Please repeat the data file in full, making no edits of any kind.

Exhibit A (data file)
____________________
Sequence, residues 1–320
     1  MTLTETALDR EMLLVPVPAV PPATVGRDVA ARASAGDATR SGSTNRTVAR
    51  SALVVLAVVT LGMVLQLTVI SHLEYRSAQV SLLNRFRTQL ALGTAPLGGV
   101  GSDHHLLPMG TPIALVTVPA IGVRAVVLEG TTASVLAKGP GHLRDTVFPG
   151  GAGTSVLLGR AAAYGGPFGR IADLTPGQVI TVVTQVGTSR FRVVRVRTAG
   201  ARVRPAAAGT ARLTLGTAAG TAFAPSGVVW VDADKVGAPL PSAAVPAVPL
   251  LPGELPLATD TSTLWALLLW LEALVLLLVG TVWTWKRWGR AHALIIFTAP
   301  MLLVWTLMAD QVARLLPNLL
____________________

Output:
Sequence, residues 1–320
     1  MTLTETALDR EMLLVPVPAV PPATVGRDVA ARASAGDATR SGSTNRTVAR
    51  SALVVLAVVT LGMVLQLTVI SHLEYRSAQV SLLNRFRTQL ALGTAPLGGV
   101  GSDHHLLPMG TPIALVTVPA IGVRAVVLEG TTASVLAKGP GHLRDTVFPG
   151  GAGTSVLLGR AAAYGGPFGR IADLTPGQVI TVVTQVGTSR FRVVRVRTAG
   201  ARVRPAAAGT ARLTLGTAAG TAFAPSGVVW VDADKVGAPL PSAAVPAVPL
   251  LPGELPLATD TSTLWALLLW LEALVLLLVG TVWTWKRWGR AHALIIFTAP
   301  MLLVWTLMAD QVARLLPNLL